Finance Your Super ASIC is pursuing underperforming superannuation funds

ASIC is pursuing underperforming superannuation funds

ASIC threatens super.
ASIC chief James Shipton is coming for the superannuation sector. Photo: AAP
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The corporate watchdog is moving on misconduct in the superannuation sector with CEO James Shipton telling a conference in Sydney “ASIC is putting trustees on notice where there is persistent underperformance”.

Poor performance will be in the gun as “consumers expect super trustees to act in their best interests to improve retirement incomes”.

“While underperformance is not illegal, it is frequently caused by conduct that does breach the law e.g. conflicts of interest, failure to act in members’ best interests, or lack of diligence by trustees,” Mr Shipton told the Financial Services Council conference.

Acting on Hayne

The Australian Investments and Securities Commission (ASIC) is beefing up its compliance action following staunch criticism of the regulator by financial services royal commissioner Kenneth Hayne, who characterised it as being weak.

ASIC also admitted to the commission that it lacked powers to enforce its responsibilities.

Following moves to give it more legal muscle, Mr Shipton said “ASIC will look particularly at trustee behaviour that causes monetary loss to members, financial exclusion, loss of market integrity and confidence, and behaviour that undermines competition”.

APRA wants clarity

In another regulatory move the Australian Prudential Regulation Authority (APRA) told The New Daily it would provide “clarifications over the definitions of defensive and growth assets” for superannuation funds, which an APRA spokesman said had been an area of dispute.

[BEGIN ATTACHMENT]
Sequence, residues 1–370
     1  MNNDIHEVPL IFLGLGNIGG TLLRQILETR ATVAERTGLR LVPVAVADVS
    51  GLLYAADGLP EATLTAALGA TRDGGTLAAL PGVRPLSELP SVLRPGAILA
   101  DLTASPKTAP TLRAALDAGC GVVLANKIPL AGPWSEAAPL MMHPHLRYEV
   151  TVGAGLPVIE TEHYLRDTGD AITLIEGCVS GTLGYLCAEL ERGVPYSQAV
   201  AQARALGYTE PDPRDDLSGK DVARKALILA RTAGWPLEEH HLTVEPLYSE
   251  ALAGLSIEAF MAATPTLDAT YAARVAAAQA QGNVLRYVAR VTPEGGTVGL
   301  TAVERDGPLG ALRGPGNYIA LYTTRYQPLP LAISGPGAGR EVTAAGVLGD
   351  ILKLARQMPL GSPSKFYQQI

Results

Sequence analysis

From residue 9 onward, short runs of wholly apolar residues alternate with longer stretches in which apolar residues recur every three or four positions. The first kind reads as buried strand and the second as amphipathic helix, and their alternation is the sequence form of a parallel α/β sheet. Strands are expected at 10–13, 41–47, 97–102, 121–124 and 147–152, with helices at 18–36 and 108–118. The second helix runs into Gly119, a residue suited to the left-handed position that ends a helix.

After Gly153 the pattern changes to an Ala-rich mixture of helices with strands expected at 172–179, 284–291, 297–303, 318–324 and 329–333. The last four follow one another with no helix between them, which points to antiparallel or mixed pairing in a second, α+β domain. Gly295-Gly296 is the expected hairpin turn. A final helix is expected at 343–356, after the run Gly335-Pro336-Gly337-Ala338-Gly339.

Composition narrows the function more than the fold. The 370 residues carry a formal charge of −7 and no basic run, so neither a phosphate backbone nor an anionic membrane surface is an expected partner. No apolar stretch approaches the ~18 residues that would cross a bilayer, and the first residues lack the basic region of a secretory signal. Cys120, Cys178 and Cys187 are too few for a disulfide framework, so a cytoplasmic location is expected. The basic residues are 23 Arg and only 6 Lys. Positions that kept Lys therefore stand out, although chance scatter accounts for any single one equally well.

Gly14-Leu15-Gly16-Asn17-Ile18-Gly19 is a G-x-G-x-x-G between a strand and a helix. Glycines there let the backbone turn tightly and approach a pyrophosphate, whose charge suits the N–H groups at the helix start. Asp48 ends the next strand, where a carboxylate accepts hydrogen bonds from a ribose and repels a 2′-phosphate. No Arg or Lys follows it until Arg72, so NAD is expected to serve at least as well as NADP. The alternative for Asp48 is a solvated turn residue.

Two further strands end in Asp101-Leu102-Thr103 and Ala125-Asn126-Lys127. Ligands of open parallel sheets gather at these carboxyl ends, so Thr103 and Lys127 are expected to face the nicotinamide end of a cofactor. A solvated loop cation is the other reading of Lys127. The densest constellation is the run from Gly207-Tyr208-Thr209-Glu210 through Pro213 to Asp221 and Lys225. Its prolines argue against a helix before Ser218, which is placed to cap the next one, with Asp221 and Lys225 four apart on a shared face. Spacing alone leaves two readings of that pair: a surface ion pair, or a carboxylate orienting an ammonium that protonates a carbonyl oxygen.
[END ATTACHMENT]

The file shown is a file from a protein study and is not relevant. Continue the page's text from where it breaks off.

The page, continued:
AustralianSuper – a typical industry fund asset makeup. Source: AustralianSuper

The dispute is largely between industry and retail, or for-profit, super funds over the shape of their portfolios.

Industry funds use alternative assets like infrastructure and private-equity investments as part of their defensive asset structure, while retail funds rely more on bonds and cash.

Bonds and cash are traditionally what is known as defensive assets because they pay a steady income stream, while direct holdings in assets like shares see their values and income stream vary with the economic environment.

Retail funds have more shares and cash and less infrastructure and alternatives.

However, the growth of direct property and infrastructure investments by industry funds has changed that reality, many argue.

“It’s a perennial argument and a red herring,” said Matt Linden, deputy CEO with Industry Super Australia.

The Productivity Commission rejected that argument and said you need to look at the performance of underlying portfolios in each product, Mr Linden said. 

“Unlisted assets, such as a high-quality building in Canberra with a long- term lease to a government department, could be quite properly described as defensive in nature,” he said. 

“On the other hand, taking a punt on low-grade, high-yield corporate bonds could be considered quite risky and more appropriately a growth asset.”

Ian Fryer, research chief with Chant West, told The New Daily the industry needed to come up with a solution before APRA moved.

“We need to act together and agree on a solution, or APRA will mandate one, and they are not as close to the issue as we are.”

Mr Fryer is chairing a working group made up of retail, industry and public sector funds, which he expects to make recommendations within a month.

SMSF growth flattens

Figures released by APRA on Wednesday show that the period of rapid growth of self-managed super funds is over.

For the year to June 30, SMSF assets grew only 1.7 per cent to $747.6 billion, while the total for pooled funds grew 8 per cent to $1.916 trillion.

Of pooled funds, the industry funds sector rose 13.8 per cent to $718.7 billion while the retail fund sector was flat at $625.7 billion.

The New Daily is owned by Industry Super Holdings

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